with power lines: V-cutting, side pruning and under pruning. ... is growing into a
power line, it may need removal. ... else touches a downed power line that is still.
Directional pruning includes three main techniques to remove branches that conflict with power lines: V-cutting, side pruning and under pruning. These pruning methods not only remove the conflicts but also lessen the need for future pruning. Illustrations of each are shown below: V-CUTTING Consists of cutting back a portion of the tree’s crown.
SIDE PRUNING Consists of cutting back or removing side branches.
BEFORE SIDE PRUNING
AFTER SIDE PRUNING
UNDER PRUNING Involves removing limbs to allow wires to pass below.
TREE RIGHT AFTER V-CUTTING
3 YEARS AFTER V-CUTTING
8 YEARS AFTER V-CUTTING
When is tree removal needed? Removing a tree may be necessary because of disease and insect infestation, or because there is little chance of the tree developing a natural structure or stability. If a palm tree is growing into a power line, it may need removal. That’s because palms grow rapidly and, unlike trees with branches, they have only one growth tip. If a tree poses a threat to human life or property, removing the tree is necessary. Children climbing a tree near a school or park risk injury or electrocution if that tree contacts a power line. And finally, NEVER attempt to trim trees near power lines yourself. SDG&E provides tree trimming services for free to its customers to ensure a safe and reliable energy source.
For more information
BEFORE UNDER PRUNING
AFTER UNDER PRUNING
At first, these target or directional pruning techniques may, in some cases, make the tree less pleasing to look at. However, these techniques reduce the number of sprouts and the chance of disease, improving the long-term health of the tree.
At SDG&E we are committed to providing safe and reliable energy. If you have questions or concerns, please call us at 1-800-411-SDGE (7343). S A N D I EG O G A S & E L EC T R I C P. O . B OX 1 2 9 8 3 1 S A N D I EG O, C A 92 1 1 2- 9 8 3 1 1-800-411-SDGE (7343) w w w. s d g e . c o m
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Do your trees need pruning? SDG&E’s Vegetation Management Program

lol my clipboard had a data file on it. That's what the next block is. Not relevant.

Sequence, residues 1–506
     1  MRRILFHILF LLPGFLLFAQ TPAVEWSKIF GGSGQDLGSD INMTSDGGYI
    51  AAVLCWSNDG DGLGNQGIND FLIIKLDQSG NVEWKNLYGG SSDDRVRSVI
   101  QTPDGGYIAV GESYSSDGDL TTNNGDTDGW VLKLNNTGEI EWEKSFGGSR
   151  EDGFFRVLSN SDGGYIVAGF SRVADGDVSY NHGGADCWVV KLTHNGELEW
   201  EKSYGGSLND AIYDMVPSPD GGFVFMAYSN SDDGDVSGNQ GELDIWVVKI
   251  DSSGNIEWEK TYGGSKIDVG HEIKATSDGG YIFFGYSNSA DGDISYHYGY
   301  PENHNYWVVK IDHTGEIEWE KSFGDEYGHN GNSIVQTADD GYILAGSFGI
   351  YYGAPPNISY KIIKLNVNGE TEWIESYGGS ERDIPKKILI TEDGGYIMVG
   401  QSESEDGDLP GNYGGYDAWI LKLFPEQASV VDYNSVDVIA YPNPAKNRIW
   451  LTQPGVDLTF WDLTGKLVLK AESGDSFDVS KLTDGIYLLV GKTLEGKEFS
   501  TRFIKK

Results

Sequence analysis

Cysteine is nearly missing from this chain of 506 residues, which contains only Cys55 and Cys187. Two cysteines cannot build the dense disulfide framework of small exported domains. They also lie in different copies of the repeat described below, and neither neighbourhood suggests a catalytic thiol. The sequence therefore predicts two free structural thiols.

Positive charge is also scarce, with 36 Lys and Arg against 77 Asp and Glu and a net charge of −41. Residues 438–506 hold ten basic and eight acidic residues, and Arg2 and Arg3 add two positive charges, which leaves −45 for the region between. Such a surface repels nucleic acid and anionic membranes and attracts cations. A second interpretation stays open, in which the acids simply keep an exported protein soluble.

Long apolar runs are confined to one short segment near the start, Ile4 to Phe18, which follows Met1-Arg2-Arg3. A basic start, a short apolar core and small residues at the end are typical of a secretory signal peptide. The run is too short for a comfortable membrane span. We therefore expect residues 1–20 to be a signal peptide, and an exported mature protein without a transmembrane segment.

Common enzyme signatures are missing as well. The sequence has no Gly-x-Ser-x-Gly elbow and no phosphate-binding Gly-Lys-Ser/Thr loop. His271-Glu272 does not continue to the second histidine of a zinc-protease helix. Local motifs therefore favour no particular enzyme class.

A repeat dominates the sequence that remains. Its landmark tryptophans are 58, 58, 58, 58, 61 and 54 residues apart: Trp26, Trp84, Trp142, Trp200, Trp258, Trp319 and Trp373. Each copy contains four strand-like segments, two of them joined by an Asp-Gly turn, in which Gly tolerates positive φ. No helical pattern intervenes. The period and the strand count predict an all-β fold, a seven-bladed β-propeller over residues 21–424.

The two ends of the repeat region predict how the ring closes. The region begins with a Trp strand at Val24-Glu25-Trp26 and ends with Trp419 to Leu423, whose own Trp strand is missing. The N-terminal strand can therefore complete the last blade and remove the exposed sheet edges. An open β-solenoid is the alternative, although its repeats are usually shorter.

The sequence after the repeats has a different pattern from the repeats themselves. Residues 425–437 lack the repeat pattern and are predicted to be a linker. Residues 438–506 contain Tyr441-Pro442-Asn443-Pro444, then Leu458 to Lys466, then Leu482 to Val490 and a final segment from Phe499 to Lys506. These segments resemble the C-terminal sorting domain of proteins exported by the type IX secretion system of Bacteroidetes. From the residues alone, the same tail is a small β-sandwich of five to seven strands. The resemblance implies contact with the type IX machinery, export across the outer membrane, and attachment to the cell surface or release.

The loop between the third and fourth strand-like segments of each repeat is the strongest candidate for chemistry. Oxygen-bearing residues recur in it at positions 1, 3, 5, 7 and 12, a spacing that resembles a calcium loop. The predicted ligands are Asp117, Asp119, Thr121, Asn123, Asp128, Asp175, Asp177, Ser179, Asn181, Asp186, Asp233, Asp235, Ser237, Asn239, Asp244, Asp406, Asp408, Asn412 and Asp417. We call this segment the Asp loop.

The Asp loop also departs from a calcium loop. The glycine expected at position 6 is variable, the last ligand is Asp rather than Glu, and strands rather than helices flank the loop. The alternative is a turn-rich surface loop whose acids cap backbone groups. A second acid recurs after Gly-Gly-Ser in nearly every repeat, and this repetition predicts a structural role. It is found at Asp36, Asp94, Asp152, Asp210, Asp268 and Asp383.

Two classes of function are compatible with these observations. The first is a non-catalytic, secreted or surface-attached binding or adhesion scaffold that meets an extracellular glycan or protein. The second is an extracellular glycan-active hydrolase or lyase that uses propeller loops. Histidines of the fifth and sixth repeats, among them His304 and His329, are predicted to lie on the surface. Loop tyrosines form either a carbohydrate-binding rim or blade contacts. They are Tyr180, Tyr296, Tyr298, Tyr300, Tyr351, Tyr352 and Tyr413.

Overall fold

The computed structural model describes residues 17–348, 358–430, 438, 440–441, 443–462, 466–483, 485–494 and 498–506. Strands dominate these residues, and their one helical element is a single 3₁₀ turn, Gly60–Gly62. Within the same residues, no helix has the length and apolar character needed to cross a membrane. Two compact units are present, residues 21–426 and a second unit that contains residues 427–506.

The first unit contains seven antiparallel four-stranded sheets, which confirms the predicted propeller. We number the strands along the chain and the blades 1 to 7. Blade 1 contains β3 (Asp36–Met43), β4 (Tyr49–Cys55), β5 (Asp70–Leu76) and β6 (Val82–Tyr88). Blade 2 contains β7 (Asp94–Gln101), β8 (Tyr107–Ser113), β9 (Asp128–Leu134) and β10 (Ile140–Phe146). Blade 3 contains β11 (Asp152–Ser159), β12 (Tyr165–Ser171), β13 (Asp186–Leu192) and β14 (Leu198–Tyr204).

Why does SDG&E need to trim trees? If not properly maintained, trees near electric power lines can cause problems, both for you and for San Diego Gas & Electric (SDG&E). The SDG&E Vegetation Management Program trims trees growing under or next to high-voltage power lines. Here are the reasons:
For your safety – It prevents electrocutions! SDG&E – and all utilities nationwide – regularly trim trees near primary power lines for the safety of the public. When a tree or a large branch falls on a power line, as sometimes happens during storms, it can bring down the power line. If you or anyone else touches a downed power line that is still energized with electricity, it can cause serious injury, even death.
This tree will not grow taller than 25 feet. It will not interfere with power lines and does not need trimming.
It helps prevent fires!
It’s required by law!
When a tree branch contacts a power line, it can cause a fire. SDG&E works closely with the California Department of Forestry and with other fire agencies in our service territory. To prevent fires, we work together to identify those trees that need trimming.
SDG&E and other utilities in the state are required to achieve clearances from primary electrical power lines in accordance with the California Public Utilities Commission General Order 95 – Rule 35. In addition, trimming within State Responsibility Areas must be completed to achieve compliance with the even stricter Section 4293 of the Public Resources Code.
It helps prevent power outages! Tree-wire contacts, especially with palm trees, are a major cause of power outages in SDG&E’s service area. By trimming trees, we help to prevent power outages. That increases the reliability of your electricity service.
These trees will need trimming. The branches could interfere with the wires and cause fires or power outages, especially during storms.
How is the tree trimming carried out? The trimming is done according to arboricultural standards and in compliance with Section 4293 of the California Public Resource Code by local trimming companies supervised by International Society of Arboriculture (ISA) certified arborists. Directional pruning techniques, promoted by the ISA, are used to retain the natural shape of the tree and reduce sprouting of weak branches.
Some trees cannot be trimmed properly, like this palm, and will have to be removed. Blowing and falling palm fronds are a major cause of outages.